Michael O’Brien, from Cormack Drive Nenagh, is helping to raise awareness of acquired brain injuries and the support services on offer to patients in the midwest. Pic: Bridget Delaney
On April 5, 2016 Nenagh man Michael O’Brien’s life changed forever after he suffered a bleed on his brain in his sleep.
While his life was saved thanks to the quick thinking actions of his family and medical staff in Limerick and Cork, Michael struggled to come to terms with the after effects of his acquired brain injury which left him suffering from short term memory loss, fatigue and mood swings.
Now two years into his recovery, the 52 year old father of three says he is determined to help change people’s perceptions of this ‘hidden disability’, one discussion at a time.
“I can still remember the day my life changed forever,” says Michael, smiling broadly in one of the offices at Headway Limerick which supports people affected by Acquired Brain Injuries.
“I can remember feeling a bit unwell but I went to bed and listened to the radio as I always did, turning in at about 1am. I don’t remember anything after that but I’m told my wife found me a few hours later and knew there was something wrong.”
At around 2.30am on April 5 2016, Michael's family called the emergency services who immediately rushed him to University Hospital Limerick where he underwent a CT scan, revealing a bleed on the brain.
He was then transferred to Cork where he was placed on life support while doctors prepared to operate. Thankfully the operation was a success however Michael’s family would have to wait for several weeks before they would be fully able to understand the extent of his injuries.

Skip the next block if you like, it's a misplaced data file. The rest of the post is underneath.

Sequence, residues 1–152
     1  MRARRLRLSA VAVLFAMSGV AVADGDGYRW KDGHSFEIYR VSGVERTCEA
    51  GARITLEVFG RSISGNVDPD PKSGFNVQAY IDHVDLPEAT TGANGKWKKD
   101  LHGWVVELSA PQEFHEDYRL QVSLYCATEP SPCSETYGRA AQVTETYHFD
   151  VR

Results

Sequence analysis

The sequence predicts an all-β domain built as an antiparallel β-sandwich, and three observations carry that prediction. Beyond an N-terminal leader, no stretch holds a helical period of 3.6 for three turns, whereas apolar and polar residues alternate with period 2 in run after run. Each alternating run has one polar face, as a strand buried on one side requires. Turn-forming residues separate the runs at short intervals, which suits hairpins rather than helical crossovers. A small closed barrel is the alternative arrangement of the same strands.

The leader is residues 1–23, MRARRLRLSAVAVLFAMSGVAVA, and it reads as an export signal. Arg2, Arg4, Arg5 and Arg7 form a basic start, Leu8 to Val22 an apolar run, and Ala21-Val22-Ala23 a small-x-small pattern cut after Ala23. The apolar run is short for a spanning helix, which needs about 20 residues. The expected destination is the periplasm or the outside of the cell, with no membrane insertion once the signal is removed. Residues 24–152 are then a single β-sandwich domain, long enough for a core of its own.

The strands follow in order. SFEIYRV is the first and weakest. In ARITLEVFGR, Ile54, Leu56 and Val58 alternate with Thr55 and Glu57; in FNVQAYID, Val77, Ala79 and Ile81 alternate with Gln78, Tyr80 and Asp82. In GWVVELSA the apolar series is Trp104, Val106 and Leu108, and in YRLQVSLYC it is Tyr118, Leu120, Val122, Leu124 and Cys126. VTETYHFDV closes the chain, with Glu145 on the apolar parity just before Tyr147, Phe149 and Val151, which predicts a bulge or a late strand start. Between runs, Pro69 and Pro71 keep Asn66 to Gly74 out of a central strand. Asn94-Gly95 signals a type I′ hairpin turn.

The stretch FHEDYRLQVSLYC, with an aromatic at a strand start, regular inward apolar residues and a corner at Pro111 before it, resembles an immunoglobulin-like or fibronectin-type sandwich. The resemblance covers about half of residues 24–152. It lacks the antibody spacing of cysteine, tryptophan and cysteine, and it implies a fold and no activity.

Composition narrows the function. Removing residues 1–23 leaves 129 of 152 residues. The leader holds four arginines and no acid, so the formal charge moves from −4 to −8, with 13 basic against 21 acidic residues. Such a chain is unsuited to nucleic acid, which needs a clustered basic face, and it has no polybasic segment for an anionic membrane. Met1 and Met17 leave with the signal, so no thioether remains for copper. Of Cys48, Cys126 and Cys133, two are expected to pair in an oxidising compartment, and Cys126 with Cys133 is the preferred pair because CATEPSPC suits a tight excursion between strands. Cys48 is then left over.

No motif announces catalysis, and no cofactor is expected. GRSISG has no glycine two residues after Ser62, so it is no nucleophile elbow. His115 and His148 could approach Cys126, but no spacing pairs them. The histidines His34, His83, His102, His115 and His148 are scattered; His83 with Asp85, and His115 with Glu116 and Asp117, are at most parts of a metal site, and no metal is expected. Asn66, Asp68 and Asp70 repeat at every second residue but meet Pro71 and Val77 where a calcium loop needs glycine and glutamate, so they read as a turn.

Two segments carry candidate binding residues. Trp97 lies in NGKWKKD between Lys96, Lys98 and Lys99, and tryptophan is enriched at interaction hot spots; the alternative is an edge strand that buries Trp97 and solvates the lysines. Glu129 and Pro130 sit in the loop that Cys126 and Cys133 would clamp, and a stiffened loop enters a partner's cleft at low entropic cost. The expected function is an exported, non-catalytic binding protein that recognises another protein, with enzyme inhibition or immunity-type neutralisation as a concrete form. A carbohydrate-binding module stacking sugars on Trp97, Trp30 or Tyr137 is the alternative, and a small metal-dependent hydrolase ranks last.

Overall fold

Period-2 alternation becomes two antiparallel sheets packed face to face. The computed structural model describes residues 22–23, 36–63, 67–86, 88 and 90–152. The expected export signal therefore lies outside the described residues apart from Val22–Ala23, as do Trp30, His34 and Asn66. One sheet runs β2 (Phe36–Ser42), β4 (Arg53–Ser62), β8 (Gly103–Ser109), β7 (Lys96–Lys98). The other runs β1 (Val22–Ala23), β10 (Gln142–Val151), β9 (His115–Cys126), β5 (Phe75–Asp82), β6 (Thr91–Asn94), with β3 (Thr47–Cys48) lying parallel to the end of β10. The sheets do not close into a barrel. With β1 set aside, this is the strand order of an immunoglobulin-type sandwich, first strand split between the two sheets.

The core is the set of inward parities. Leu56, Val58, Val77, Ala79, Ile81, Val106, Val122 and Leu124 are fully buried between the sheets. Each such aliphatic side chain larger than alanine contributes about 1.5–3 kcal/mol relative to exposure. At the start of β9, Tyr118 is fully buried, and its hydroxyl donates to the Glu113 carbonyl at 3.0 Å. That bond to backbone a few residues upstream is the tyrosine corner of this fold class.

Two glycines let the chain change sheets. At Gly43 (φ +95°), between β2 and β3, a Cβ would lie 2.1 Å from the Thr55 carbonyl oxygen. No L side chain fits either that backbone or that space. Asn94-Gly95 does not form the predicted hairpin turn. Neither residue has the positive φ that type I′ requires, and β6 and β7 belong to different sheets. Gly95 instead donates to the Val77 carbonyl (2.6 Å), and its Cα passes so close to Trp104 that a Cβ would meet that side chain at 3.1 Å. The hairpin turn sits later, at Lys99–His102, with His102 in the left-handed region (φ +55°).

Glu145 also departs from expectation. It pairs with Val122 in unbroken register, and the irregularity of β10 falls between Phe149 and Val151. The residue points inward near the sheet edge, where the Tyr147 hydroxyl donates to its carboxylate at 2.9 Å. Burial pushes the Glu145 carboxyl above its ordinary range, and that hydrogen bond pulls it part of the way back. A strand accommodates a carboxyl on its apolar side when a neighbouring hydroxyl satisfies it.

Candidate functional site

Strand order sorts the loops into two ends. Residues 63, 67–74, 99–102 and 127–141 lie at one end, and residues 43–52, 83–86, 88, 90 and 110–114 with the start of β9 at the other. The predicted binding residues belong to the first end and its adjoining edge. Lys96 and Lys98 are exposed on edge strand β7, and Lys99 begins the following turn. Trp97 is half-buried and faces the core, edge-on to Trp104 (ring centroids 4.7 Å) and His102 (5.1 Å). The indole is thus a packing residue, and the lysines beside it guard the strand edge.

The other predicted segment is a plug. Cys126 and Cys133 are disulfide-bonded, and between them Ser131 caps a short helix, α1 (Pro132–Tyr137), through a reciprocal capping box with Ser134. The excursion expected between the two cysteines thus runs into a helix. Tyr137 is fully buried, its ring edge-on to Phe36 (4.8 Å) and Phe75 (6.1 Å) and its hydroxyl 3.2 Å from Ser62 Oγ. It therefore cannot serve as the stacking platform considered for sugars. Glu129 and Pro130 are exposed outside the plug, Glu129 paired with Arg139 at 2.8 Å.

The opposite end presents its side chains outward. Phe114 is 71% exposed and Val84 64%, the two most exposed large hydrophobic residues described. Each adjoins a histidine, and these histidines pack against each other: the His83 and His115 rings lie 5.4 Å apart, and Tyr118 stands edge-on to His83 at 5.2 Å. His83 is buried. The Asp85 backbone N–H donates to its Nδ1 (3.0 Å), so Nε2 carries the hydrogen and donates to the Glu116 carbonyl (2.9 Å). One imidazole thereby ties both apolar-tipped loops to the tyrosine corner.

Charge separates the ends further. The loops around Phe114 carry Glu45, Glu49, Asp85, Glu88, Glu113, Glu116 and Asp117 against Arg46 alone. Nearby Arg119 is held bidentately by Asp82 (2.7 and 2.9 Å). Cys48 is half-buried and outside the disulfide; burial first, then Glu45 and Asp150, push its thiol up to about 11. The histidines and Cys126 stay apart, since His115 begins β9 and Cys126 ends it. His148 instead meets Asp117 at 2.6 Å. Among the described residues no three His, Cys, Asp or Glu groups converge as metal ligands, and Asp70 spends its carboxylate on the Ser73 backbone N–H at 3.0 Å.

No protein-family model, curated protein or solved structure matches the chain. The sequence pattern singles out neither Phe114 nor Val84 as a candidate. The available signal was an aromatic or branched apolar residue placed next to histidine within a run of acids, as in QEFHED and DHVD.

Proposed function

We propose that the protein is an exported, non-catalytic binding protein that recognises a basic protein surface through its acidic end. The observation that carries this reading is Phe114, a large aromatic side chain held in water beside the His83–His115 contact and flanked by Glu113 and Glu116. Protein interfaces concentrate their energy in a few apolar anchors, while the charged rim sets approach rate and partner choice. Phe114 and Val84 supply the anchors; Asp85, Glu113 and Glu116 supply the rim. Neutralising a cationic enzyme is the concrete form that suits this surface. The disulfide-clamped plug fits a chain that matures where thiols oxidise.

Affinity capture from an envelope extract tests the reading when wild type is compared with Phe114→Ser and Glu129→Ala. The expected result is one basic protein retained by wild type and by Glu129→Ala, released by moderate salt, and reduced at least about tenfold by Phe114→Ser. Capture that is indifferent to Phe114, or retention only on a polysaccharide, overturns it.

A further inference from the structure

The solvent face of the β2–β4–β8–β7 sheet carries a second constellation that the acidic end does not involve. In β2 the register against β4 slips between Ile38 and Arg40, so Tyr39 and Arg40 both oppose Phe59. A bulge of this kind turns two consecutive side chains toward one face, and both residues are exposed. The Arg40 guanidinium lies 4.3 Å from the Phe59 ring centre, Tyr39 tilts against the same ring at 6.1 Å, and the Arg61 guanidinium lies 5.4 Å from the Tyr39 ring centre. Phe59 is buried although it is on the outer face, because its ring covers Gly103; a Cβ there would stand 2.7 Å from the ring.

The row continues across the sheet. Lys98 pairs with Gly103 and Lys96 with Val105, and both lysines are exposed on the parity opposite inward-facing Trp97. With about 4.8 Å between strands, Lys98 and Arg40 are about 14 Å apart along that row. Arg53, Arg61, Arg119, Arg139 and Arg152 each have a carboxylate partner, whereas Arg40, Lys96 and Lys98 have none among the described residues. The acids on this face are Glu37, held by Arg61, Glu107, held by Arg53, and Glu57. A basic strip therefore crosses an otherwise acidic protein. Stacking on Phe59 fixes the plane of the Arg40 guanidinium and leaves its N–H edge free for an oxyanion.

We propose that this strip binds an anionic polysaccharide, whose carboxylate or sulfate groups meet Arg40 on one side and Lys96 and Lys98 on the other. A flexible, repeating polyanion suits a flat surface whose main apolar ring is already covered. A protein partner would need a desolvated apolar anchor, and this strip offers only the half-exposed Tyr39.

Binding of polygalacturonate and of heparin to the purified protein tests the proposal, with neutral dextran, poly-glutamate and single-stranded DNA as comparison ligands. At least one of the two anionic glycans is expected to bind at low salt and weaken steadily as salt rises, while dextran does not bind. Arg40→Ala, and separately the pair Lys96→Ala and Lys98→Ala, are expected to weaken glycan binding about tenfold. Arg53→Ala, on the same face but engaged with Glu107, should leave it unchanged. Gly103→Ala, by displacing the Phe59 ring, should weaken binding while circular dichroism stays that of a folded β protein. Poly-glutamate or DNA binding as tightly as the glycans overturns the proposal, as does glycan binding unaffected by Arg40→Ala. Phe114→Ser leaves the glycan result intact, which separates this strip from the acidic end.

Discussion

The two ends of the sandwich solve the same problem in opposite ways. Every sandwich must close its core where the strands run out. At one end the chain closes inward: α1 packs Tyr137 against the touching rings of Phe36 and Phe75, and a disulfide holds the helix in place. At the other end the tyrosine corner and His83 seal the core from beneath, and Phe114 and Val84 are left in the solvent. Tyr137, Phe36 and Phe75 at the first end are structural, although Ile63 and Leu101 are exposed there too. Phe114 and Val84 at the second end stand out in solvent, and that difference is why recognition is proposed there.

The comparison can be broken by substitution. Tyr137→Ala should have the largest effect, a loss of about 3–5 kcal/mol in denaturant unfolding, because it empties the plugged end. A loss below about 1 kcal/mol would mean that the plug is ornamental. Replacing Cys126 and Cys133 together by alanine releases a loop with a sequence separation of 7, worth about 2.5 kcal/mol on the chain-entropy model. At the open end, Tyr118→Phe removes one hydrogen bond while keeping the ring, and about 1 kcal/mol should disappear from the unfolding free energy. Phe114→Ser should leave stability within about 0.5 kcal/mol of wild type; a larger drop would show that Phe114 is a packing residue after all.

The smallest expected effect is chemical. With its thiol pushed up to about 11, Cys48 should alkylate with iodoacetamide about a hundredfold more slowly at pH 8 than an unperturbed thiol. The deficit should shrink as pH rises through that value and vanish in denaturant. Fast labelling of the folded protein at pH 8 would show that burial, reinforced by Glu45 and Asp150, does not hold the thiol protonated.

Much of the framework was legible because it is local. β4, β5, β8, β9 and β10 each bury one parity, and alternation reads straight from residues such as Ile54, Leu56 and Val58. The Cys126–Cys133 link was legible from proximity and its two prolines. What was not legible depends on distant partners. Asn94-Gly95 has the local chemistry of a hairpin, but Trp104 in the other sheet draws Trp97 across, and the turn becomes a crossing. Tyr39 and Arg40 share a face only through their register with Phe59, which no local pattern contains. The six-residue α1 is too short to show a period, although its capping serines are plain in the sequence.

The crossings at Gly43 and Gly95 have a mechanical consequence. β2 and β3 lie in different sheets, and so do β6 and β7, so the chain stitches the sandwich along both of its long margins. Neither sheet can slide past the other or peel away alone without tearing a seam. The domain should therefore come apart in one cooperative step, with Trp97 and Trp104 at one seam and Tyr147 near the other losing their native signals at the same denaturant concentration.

When Michael awoke from his coma he underwent 12 weeks of rehabilitation in St. Camillus Hospital Limerick. However once he left the hospital, Michael says he was left without any support services and a lack of information about support networks. When he returned home, his sudden lack of independence began to take its toll on his mental health.
“To look at me you wouldn’t think there was anything wrong which is why acquired brain injuries are often classed as hidden disabilities because you don’t show any symptoms. Imagine you are told you can no longer drive and your wife becomes your carer. My wife has been an incredible support throughout all of this. She is my rock, along with my children, but it was very hard to wake up and have your entire life change in an instant,” he says.
However a chance meeting with an occupational therapist led Michael to being introduced to Headway services in Limerick which provide support to people and their families with acquired brain injuries.
“Headway has become a lifesaver. The people I’ve met here have become a second family to me,” he says of the free service which tailors programmes to suit each clients needs, provides support and information to brain injury survivors, their families and carers.
“I have to mention Paul, my keyworker. I’m not just saying that because he’s sitting beside me either,” he laughs, good humoredly, “I’m saying it because it’s true. From day one he has been absolutely brilliant, I owe a lot to him.
"All the staff here are brilliant but I think it’s something that can’t be taught. It’s their personality, everyone just clicks. We do a lot of teamwork here and they’re the perfect example of how a team works," adds Michael who takes part in art, archery, VT modules and sporting activities with the group at the centre several times a week.
“From the moment I walked in the doors, I felt at home and my confidence has just soared. It’s an absolute joy coming in here everyday and I want other people to know what support services are out there for people with acquired brain injuries or stroke patients.
“If I can help even one person or family by sharing my story, I’ll be happy,” he says.
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